Jesus simplified what others had complicated when he made love central to the law.
This passage is often called “the Great Commandment” because with it, Jesus succinctly sums up the entire Old Testament Law. And Jesus perfectly demonstrated this commandment when He gave up His life for us.
In so doing, Jesus reduced the 613 laws of the scribes to the law of love for God and your neighbor.
In doing this, he kept the real meaning of the law, which was reverence for God and respect for others. In this sense Jesus offered the law as a reliable guide for successful living.
Matthew 22:36-40 NIV “Teacher, which is the greatest commandment in the Law?” Jesus replied: ““‘ Love the Lord your God with all your heart and with all your soul and with all your mind.’ This is the first and greatest commandment. And the second is like it: ‘Love your neighbor as yourself.’ All the Law and the Prophets hang on these two commandments.”
The question now is, how did Christ fulfill the law?
1. Jesus fulfilled the law in his own person.
Jesus dramatized in his own life what it means to revere God. That reverence did not consist in laboriously following rules and regulations. It expressed in mercy; its pattern was not legalism but love.
Matthew 9:10-13 NIV While Jesus was having dinner at Matthew’s house, many tax collectors and sinners came and ate with him and his disciples. When the Pharisees saw this, they asked his disciples, “Why does your teacher eat with tax collectors and sinners?” On hearing this, Jesus said, “It is not the healthy who need a doctor, but the sick. But go and learn what this means: ‘I desire mercy, not sacrifice.’ For I have not come to call the righteous, but sinners.”
2. Jesus fulfilled the law by giving it internal meaning.
Prior to the coming of Christ, the law related primarily to the externals of life. It concerned itself chiefly with conduct. Jesus took us to a deeper meaning of the law than simply the external actions of people.
Hebrews 10:15-16 NIV The Holy Spirit also testifies to us about this. First he says: “This is the covenant I will make with them after that time, says the Lord. I will put my laws in their hearts, and I will write them on their minds.”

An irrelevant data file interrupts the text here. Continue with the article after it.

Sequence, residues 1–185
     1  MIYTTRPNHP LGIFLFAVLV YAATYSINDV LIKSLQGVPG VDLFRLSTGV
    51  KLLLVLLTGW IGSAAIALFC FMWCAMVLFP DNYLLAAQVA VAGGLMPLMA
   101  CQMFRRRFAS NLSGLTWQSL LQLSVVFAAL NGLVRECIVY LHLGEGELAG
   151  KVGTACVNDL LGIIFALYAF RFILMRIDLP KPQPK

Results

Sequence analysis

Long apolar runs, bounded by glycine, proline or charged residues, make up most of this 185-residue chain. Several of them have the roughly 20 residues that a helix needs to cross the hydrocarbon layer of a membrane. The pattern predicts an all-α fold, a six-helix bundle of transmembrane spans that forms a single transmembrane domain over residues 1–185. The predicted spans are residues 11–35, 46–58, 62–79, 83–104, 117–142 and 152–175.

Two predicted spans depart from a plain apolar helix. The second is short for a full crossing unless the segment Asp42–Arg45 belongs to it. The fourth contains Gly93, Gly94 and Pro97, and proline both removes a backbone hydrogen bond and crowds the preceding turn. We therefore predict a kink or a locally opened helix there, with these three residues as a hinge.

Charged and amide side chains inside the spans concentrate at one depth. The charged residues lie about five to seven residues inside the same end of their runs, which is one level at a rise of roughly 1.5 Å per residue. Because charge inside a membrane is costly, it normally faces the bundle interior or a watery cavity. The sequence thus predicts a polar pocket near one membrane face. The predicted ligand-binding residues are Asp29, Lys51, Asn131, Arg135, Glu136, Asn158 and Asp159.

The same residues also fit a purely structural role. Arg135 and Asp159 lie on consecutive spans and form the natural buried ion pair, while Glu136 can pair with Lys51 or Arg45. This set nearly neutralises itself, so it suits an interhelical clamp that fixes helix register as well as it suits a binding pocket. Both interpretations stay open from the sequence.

3. Jesus fulfilled the law by giving it a positive application.
Jesus made the law constructive. For years, the dominant theme of the law was “Thou shalt not.” Don’t do this. Don’t do that. By the time the rabbis had superimposed their own meaning on the laws, there were so many things a person was not allowed to do that little time was left for positive thinking. Jesus changed this dramatically. He turned our attention, not so much to what we are not to do, as to what we are to do. Jesus defined goodness, not so much in terms of abstaining from vices, as in obtaining virtues.
Matthew 5:43-48 NIV “You have heard that it was said, ‘Love your neighbor and hate your enemy.’ But I tell you, love your enemies and pray for those who persecute you, that you may be children of your Father in heaven. He causes his sun to rise on the evil and the good, and sends rain on the righteous and the unrighteous. If you love those who love you, what reward will you get? Are not even the tax collectors doing that? And if you greet only your own people, what are you doing more than others? Do not even pagans do that? Be perfect, therefore, as your heavenly Father is perfect.
The following is from the book “Irresistible” by Andy Stanley.
“According to Jesus, nothing in the law would “disappear” until everything was “accomplished.” Once it was accomplished, however, the law would begin to disappear. Which is exactly what happened.
For the next forty years, religious Israel would wrestle with the internal tension created by The Way. The harder they tried to stamp it out, the faster it grew. Thanks to the tireless efforts of the apostle Paul and others, Jews throughout the Roman world began abandoning strict adherence to the rules of the local synagogue to follow the resurrected teacher from Nazareth.
Then, on August 6 in the year AD 70, the transition ended abruptly. It was on that day that the four-year conflict between Jewish rebels and Rome came to a bloody and violent end. The Jewish temple was looted, burned, and razed. The destruction of the temple signaled the end of ancient Judaism. While the words of the covenant were preserved, Israel’s ability to live in accordance with those words vanished in a day.
Judaism, as prescribed by Moses at Mount Sinai, ceased to exist. To use Jesus’ term, it “disappeared.”
As Jesus predicted.
God’s covenant with Israel was no longer needed. It had been fulfilled and replaced with a better covenant.
A new covenant.
New Testament scholars have long debated the significance of Jesus’ famous last words from the cross: “It is finished.”6 As His disheartened followers would soon discover, Jesus wasn’t finished. But something was. In His final moments, He was announcing to those gathered that the covenant He came to fulfill was at last fulfilled. And through the shedding of His blood, a new covenant, a better covenant, a broader covenant was being established between God and all who would choose to participate.”